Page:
It was reported on the Central Bank of Barbados website that effective 1 November 2021 financial institutions were directed to charge up to a maximum of $3.00 for an ATM withdrawal -from reports some financial institutions had been charging as high as $6.50 for an ATM withdrawal! – See Central Bank of Barbados Intervenes on Debit Card Fees
The development is interesting for many reasons.
Financial institutions in Barbados have joined the outside world to implement strategies that force customers to access cheaper services via electronic means. A review of fees posted to the websites of banks reveals higher fees charged to do transactions inside the branch compared to ‘outside’. Why on earth would the Central Bank agree to a ceiling charge of $3.00 to do an ATM withdrawal when the old charge was $1.00 to $1.50 before the banks switched from the local network to Visa and Mastercard networks? The banks previously owned a local network called Carifs before a decision was made to shut it down, forcing credit unions who piggybacked on the Carifs service to add to the cost of doing business by having to issue Visa and MasterCard debit cards as well.
Secondly, the public is relieved no fee is being charged if the debit card is used at point of sale, whew! However, is the central bank aware the cost to business has significantly increased because the new debit cards are treated by Visa and MasterCard systems like credit cards? Instead of paying cents for a debit card transaction, the business will be charged between 2.5% and 4% on the AMOUNT of the transaction? For example, John Public buys an item for $100.00 – before the cost to the business 10 cents, with the new Visa and MasterCard the business pays between $2.50 and $4.50 for the transaction. Any guesses who will have to pay the increase cost especially at a time businesses are stressed?
Thirdly, where is the good reasoning to charge a $3.00 ATM fee IF customers are being encouraged to do more transactions outside the physical branch? It seems to the banks have decided to recoup millions in loss revenue from the 2018 domestic restructure made worse from poor lending conditions. A case can also be made for out of control consumption behaviour coming back to bite Barbadians hard in the rear-end. The message to Barbadians from inception of Barbados Underground has been – there are consequences for avoiding our civic responsibility under our so called democracy. We meekly accept wickedness in high places.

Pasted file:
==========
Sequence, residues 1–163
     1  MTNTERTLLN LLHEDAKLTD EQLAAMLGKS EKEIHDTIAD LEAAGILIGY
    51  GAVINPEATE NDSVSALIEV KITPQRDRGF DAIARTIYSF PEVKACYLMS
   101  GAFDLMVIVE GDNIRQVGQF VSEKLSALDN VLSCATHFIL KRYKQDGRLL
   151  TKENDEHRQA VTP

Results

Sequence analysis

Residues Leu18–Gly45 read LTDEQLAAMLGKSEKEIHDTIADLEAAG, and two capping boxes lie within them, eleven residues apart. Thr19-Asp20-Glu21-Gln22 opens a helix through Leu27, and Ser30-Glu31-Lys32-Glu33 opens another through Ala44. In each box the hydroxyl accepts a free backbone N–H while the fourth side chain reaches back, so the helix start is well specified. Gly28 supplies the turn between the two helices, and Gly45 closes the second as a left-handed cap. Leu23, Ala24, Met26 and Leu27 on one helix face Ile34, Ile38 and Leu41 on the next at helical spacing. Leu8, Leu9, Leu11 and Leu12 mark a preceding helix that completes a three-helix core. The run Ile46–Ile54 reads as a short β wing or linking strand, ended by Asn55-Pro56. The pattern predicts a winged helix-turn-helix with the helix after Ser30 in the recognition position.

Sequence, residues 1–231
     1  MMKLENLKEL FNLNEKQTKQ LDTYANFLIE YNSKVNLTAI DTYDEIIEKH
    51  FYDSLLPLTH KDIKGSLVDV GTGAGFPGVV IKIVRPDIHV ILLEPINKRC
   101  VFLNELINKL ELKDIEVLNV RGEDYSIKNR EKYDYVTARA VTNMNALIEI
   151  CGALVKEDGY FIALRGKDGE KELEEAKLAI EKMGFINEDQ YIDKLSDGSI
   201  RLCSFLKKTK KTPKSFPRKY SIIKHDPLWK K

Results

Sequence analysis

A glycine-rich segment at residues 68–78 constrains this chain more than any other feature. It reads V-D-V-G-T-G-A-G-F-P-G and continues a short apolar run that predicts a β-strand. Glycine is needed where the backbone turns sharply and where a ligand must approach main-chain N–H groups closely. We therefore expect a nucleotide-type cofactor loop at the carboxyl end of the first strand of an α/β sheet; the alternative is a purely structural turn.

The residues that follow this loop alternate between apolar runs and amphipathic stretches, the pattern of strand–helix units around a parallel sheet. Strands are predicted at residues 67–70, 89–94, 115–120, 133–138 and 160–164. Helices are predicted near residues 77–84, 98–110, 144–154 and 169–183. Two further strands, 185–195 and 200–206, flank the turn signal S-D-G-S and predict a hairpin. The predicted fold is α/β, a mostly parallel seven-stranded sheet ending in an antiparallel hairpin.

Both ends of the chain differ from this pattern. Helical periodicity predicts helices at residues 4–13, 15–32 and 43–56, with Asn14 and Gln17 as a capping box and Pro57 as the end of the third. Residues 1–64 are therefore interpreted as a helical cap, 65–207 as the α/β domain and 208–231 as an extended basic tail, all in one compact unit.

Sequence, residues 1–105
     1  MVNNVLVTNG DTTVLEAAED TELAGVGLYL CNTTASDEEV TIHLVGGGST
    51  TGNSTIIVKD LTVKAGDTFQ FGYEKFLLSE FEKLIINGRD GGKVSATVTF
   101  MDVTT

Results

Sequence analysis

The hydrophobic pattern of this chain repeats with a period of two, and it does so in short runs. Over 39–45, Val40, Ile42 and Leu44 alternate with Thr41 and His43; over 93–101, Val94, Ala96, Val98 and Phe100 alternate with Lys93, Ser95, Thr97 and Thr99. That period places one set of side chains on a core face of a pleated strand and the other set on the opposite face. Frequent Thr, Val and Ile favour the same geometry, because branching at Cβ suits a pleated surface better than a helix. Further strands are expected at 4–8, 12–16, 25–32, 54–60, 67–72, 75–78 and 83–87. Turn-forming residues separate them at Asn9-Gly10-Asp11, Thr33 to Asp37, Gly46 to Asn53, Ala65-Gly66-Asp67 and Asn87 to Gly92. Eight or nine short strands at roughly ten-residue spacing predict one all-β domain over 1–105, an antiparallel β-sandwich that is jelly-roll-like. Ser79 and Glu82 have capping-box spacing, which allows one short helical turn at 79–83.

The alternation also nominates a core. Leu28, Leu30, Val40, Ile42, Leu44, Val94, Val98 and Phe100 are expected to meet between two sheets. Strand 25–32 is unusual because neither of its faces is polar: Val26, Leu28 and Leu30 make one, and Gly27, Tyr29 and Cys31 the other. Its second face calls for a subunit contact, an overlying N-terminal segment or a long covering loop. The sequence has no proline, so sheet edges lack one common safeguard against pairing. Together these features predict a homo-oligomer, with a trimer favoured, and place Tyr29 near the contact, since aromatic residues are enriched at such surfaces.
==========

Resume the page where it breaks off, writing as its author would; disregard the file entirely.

Fourthly, why did the Central Bank opt to ‘intervene’ in the matter of debit card fees when there have been many other public protests about high charges? What was the straw that broke the proverbial camel’s back?
Unlike its counterparts in the rest of the region, local regulators seem to play a passive role by comparison. The Kirk Brown matter comes to mind although a non bank transaction. It has not gone unnoticed in the Eastern Caribbean how governments working with indigenous banks have collaborated to buyout international banks who for obvious reasons want to bail from the region. The days of banks making too much money are finished with the rise of non bank institutions and the increasing risk of doing business. Unlike many countries in the region, we do not own a local bank and therefore unable to intervene in the market to offer relieve. Local banking is now the playground of foreign interest like most business sectors in Barbados.
The old people say, you made your bed, now lie in it.